Drifting machinery at work

Drifting, Tunneling, and Bolting

Drifting, tunneling, and bolting are all different methods and approaches utilized in underground drilling and mining to both drill and blast the rock as well as to support the rock.

Drifting refers to the horizontal tunnel that is dug following, for example, an ore vein. It can, however, also be used to describe small exploratory tunnels used to investigate engineering properties of the rock mass. A third use for the word is for smaller cuts made to a rock wall that needs to be excavated, which is then expanded out to cover the whole face of the wall with explosives.

Tunneling, on the other hand, is the general reference to any sort of horizontal excavation of landmass, the goal of which is to produce a tunnel, rather than to dig for minerals. Tunneling can utilize drifting, but also other methods such as forepoling, and is often used for construction purposes.

And finally, there is bolting, which does not aim to extract rock materials. This is a security technique that is used in mining and tunneling. Bolting involves drilling holes on the roof of the tunnel and driving steel rods, or bolts, into the holes. This distributes the weight off the face of the rock or landmass deeper into the ground, thus stabilizing it and helping prevent collapses.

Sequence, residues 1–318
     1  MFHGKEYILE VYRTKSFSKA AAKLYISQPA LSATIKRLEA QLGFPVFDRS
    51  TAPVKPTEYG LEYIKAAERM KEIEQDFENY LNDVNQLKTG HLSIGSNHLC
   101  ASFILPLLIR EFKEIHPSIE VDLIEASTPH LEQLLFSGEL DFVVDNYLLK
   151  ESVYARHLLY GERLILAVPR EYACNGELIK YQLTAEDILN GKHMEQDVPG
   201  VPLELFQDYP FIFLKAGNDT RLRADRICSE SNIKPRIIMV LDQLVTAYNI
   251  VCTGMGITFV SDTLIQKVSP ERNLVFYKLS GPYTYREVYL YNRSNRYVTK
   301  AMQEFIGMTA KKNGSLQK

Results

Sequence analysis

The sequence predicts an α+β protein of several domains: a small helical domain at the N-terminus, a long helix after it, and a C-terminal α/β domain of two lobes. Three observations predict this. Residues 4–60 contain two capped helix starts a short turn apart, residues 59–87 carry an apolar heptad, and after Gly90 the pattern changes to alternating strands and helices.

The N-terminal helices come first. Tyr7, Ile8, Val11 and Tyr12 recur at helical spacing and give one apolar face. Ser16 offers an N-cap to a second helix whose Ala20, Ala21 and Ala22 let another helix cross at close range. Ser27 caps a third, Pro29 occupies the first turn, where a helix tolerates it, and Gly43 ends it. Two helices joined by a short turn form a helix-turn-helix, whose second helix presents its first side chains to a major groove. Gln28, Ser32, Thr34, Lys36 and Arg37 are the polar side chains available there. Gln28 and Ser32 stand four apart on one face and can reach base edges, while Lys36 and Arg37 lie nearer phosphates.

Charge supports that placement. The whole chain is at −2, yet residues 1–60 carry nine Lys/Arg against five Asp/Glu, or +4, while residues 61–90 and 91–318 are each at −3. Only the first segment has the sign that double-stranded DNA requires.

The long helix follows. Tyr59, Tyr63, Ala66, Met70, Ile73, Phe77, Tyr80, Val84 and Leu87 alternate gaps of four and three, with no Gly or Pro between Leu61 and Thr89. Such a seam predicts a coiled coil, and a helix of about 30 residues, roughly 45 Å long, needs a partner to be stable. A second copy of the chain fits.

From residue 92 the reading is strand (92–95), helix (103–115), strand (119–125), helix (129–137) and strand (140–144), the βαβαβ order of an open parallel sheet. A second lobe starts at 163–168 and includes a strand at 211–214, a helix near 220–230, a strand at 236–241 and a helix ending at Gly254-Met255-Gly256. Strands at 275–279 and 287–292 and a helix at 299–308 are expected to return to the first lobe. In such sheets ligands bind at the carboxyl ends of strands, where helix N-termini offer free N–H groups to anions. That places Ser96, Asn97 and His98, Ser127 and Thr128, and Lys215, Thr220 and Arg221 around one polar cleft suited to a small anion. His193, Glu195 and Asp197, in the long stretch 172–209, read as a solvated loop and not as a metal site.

What all the above concepts share is the act of horizontal drilling, also known as drifting due to the way the drill travels on its rails. As opposed to drilling down, horizontal drilling does not support the use of rotary drilling equipment but leans heavily into percussive drilling, such as down-the-hole or top hammer. In drifting and bolting, the diameter of drill bits used is typically 33-60 mm as the holes required are smaller than in many other types of drilling.

Robit’s Top Hammer products make the perfect fit for drifting, tunneling, and bolting!

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